moderated Re: automatic deletion, why?

Barbara Byers

OK, whatever you say.  Not sure why you feel the need to chime in with snarky remarks.  I have a right to ask my questions like anyone else.



On 2018-03-20 02:04 AM, J_Catlady wrote:

Nobody is being dismissive. It has been explained here many times before.

On Mon, Mar 19, 2018 at 11:04 PM, Barbara Byers <babmay11@...> wrote:

Thank you for explaining it and not just being dismissive,



On 2018-03-20 01:28 AM, toki wrote:

On 03/19/2018 11:12 PM, Barbara Byers wrote:

Is this a real negative or just speculation of what "might" happen?

It is a very real threat. Furthermore, it is something that can easily
escalate up to a plethora of email vendors, even if they don't implement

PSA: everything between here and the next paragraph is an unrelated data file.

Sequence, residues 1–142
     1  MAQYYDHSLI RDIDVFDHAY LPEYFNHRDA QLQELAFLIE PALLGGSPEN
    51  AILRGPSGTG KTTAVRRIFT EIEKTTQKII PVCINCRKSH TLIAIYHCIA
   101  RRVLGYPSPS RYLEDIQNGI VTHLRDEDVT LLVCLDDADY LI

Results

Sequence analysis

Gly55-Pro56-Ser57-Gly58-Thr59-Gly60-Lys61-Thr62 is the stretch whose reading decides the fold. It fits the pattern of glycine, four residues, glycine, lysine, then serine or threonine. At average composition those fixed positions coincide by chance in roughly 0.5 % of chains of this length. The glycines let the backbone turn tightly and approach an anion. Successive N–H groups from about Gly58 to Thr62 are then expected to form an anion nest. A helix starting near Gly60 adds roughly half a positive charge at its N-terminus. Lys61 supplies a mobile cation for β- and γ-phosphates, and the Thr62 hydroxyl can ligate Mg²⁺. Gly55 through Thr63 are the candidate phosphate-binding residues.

Here is how it escalates.
AOL member sends the list mail to the spam bucket.  Member then deletes
the message. AOL sends FBL to Groups.IO. Mark ignores it. Member
receives a second message, which is tossed into the spam bucket, then
deleted. Cycle repeats itself ad infinitum.

At some point, AOL's anti-spam bots kick in, and blacklists Groups.IO as
a spammer.  A week or two passes, and the email from hasn't
decreased, so the AOL anti-spam bots escalate the listing up to one of
their upstream RBLs. The RBL adds it to their list, and wham. A small,
but significant number of ISPs start rejecting Groups.IO mail. And since
Groups.IO ignores the FBL, these ISPs escalate to their other RBLs.  And
six or so month later, Groups.IO is on everybody's RBL, with no way to
be delisted.

Caveat: I don't know if AOL is as diligent in stopping spammers now, as
it was in its heyday. (Now wondering if AfterBurner was at AOL, or
another site that was frequently considered to be a spam-haven.)



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